# Relation between original points and 1st/2nd derivative points

I have points $$\{p_0, p_1, ... p_n\}$$, I create a discrete derivative consisting of $$\{d_0, d_1, ..., d_{n-1}\}$$ like this: $$d_k=p_{k+1}-p_k$$. I'd like to choose a point in the original signal by exploring the derivative. But after I find a specific point $$d_k$$, which point from the original set should I choose: $$p_k$$ or $$p_{k+1}$$? It looks like I can't really choose between them.

Similarly I explore 2nd derivative for inflection points. But in 2nd derivative I'm guessing that $$p_{k+1}$$ is a sensible choice because it's a midpoint out of 3 participants ($$p_k, p_{k+1}, p_{k+2}$$). Though this is still not perfect because of the 1st and last points in the set.

What are possible strategies to resolve this ambiguity?

• that depends on how you calculated the discrete derivative! How did you do that? – Marcus Müller May 10 at 12:25
• Huh, I thought there was only 1 way, sorry. Added the algorithm. – Stanislav Bashkyrtsev May 10 at 13:13

Numerical signals are discrete and finite. So you are likely to hit issues either on end-points or discrete locations. I won't treat end-points here.

If you use only one operator, many signal processing folks care relatively little about a shift, as long as it is known, and constant. Here, the two-point derivative yields a $$0.5$$-point shift. You can consider that the derivative is valid at some mid-point. And you can interpolate it an integer locations if needed. Smoothing first can help limit a too-high fluctuations of differences.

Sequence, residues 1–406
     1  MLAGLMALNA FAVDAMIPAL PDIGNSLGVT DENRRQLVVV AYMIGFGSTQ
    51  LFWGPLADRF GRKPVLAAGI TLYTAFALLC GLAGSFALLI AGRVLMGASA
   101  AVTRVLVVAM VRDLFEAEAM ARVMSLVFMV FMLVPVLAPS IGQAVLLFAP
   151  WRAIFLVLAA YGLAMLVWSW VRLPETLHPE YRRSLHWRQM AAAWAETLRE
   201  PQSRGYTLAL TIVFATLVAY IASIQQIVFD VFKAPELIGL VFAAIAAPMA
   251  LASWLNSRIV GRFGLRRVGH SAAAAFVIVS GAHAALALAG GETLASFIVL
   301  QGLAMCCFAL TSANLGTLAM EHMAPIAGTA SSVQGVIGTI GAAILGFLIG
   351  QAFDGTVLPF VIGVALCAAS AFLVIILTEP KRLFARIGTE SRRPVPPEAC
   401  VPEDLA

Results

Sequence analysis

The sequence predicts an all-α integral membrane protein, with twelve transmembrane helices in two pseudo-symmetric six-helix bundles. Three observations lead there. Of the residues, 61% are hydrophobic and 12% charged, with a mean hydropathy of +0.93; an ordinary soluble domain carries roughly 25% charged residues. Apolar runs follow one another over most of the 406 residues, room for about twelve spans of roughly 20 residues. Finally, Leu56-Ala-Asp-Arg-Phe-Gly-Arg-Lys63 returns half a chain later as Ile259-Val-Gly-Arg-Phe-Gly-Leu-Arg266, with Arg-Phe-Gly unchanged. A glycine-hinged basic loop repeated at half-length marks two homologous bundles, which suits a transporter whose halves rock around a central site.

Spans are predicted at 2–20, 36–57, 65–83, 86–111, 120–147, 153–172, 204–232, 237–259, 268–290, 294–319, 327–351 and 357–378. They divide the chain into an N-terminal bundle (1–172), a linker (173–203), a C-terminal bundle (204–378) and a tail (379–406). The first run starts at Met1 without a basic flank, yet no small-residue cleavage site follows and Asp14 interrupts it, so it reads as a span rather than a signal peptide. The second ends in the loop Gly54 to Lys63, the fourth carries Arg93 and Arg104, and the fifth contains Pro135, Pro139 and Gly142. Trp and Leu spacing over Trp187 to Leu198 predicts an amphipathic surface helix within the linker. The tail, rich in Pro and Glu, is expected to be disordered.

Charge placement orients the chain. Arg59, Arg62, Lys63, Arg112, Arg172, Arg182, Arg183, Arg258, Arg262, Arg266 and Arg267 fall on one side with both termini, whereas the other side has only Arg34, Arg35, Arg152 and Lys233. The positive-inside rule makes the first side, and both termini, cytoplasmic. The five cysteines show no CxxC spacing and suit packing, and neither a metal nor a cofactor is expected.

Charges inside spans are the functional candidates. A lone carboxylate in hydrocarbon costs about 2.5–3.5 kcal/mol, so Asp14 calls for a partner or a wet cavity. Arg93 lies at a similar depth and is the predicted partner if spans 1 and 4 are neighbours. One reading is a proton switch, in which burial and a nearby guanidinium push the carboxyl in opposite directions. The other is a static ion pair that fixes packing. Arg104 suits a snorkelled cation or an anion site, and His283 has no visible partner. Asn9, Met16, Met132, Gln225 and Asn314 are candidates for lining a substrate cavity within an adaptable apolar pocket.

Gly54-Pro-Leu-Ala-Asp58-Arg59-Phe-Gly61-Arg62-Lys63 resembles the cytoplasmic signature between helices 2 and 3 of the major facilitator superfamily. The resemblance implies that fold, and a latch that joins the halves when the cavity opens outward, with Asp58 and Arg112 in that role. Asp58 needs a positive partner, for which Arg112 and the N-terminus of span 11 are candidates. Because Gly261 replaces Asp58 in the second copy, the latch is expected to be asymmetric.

A classical option is to choose an odd-length derivative operator. The three-point derivative writes:

$$d_3[k] = (p[k+1]-p[k-1])/2$$

and gives you an information at the center of the schemes. Indeed, it coincides with the average of the left- and the right two-points skewed differences: $$d_2[k] = p[k]-p[k-1]$$ and $$d_2[k+1] = p[k+1]-p[k]$$, since:

$$d_3[k] = (d_2[k] +d_2[k+1])/2$$

Many domains uses such schemes, and name them differently. To better find resources, some uses other terms, like generic ones, like "Finite difference coefficients", or specific ones, like "five-point stencil" or $$n$$-point gradient/Laplacian. One example is:

$$d_5[k] = (p[k+2]- 8p[k+1] + 8p[k-1]-p[k-2])/12$$

The above thinking extends to higher order derivatives. One can further constraints methods using data properties, knowledge of noise, additional penalties, etc. To start with, some literature on numerical derivatives: